Recent proposals to limit or abolish state Supreme Court elections attempt to remedy public perception that the high court is a political hotbed.
By limiting Wisconsin justices to single, 16-year terms, as proposed by a State Bar task force, or by eliminating Supreme Court elections in favor of an appointment process, as proposed by two state senators, attempted reformers seek to limit the election process.
But the part of the election process that causes the most concern is campaign spending, which state lawmakers are working to increase, not decrease.
Assembly Bill 225, passed by the state Assembly in June, would double the allowable amount of money individuals or PACs can contribute to someone campaigning for state office.
The bill’s author, Rep. Jeff Stone, R-Greendale, argued the move would strengthen a candidate’s ability to shape his or her message to the public. In light of the U.S. Supreme Court’s 2010 decision in Citizens United v. Federal Election Commission, he said, there are few options to make campaign spending laws more equitable.
“The Supreme Court says money is equivalent to free speech,” Stone said, “and I want to at least be able to compete and have my voice heard.
“My frustration is, as a candidate, I’m limited by how I can engage in the campaign.”
But many in the state argue that already high spending on campaigns is at the heart of the public’s perception that the Wisconsin Supreme Court is populated not by justices who focus on the principles of the law, but rather by candidates who focus on the sources of contributions.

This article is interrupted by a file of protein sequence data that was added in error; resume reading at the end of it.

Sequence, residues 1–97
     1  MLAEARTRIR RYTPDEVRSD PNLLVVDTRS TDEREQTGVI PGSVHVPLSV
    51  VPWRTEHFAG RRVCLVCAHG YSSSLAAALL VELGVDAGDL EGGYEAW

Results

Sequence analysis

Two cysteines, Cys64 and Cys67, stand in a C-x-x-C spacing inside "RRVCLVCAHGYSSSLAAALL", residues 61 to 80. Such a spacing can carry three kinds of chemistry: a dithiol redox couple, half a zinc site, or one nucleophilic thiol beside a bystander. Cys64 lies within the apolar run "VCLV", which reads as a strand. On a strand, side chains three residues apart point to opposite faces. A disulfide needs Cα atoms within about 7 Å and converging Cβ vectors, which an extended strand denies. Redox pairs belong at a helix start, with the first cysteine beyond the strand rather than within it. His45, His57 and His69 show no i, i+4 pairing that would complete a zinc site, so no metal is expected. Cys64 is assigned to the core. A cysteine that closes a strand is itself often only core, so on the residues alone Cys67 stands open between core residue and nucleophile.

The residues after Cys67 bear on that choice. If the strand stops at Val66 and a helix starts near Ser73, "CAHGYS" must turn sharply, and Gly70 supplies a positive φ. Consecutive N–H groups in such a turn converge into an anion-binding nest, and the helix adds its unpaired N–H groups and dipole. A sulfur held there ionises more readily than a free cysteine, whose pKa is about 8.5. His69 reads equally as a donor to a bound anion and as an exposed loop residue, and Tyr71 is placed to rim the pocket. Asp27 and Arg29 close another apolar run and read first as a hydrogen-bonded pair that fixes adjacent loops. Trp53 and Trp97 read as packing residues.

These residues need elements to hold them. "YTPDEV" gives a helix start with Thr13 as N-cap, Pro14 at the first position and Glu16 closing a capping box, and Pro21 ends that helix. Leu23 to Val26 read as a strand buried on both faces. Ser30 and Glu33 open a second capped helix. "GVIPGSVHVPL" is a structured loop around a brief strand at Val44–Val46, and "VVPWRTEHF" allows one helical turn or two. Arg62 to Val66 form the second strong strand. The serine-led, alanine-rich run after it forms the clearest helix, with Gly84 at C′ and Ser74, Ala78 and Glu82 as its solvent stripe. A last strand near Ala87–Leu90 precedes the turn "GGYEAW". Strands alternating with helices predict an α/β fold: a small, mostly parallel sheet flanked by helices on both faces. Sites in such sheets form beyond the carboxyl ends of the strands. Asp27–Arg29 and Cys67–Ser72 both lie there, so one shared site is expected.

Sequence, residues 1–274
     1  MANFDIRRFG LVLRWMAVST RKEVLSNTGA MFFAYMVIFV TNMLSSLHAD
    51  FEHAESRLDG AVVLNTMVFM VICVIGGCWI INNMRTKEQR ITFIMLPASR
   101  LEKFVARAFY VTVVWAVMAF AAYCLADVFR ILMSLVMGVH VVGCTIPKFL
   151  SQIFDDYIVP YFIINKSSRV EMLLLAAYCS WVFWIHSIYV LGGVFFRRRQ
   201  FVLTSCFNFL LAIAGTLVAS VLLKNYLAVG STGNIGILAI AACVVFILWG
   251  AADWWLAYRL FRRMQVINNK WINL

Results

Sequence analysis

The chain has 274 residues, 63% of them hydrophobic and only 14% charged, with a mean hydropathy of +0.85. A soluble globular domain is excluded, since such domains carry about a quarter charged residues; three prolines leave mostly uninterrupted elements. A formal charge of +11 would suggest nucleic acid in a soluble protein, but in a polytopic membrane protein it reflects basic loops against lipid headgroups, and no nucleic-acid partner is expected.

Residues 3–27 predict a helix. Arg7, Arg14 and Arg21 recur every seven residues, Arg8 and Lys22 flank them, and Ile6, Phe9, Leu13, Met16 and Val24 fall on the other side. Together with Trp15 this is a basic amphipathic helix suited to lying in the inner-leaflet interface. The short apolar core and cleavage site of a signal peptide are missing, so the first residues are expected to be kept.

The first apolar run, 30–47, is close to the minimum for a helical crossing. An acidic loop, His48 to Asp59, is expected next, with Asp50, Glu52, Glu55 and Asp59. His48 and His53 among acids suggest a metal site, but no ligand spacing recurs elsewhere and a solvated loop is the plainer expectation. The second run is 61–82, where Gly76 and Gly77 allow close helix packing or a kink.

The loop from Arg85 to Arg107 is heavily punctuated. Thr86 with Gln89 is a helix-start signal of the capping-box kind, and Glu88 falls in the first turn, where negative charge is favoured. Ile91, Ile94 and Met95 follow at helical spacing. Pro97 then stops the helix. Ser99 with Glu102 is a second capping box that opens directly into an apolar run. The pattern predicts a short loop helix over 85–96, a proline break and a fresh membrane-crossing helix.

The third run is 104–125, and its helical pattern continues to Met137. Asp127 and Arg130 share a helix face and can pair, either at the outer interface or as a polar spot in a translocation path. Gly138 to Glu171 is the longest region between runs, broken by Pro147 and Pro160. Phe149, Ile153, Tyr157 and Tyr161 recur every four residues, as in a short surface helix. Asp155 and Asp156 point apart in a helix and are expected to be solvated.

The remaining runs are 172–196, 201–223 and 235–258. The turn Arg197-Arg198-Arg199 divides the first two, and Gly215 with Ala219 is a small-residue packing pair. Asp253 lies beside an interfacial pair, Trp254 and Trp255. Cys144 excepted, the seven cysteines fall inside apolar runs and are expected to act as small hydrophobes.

“Whether or not it does influence the outcome and whether or not it actually influences a judge’s approach to the bench, the bottom line is it does affect the public’s perception of the court,” said 2007 Wisconsin Supreme Court candidate Linda Clifford, who lost to incumbent Justice Annette Ziegler. “And, for that reason, something should be done.”
Marquette University law professor Ed Fallone, who lost to incumbent Justice Pat Roggensack in the election in April, said lawmakers should challenge Citizens United by devising judicial-campaign contribution limits that would stand up in court. In doing so, Wisconsin lawmakers would be declaring that imposing such limits in judicial races serves a compelling public interest.
“Many people think Citizens United has our hands tied,” Fallone said. “I actually think there is room to regulate independent money more.”
Challenging a U.S. Supreme Court ruling is no small thing, however, particularly when it would start at the state level, where the Legislature’s strong Republican base and Gov. Scott Walker probably would work against any efforts to curb campaign spending. And even if a revised push to limit campaign contributions went back before the high court, the five-member majority that ruled in Citizens United is still on the bench.
It’s a long shot, but it’s a shot worth taking before limiting or eliminating the public’s right to vote.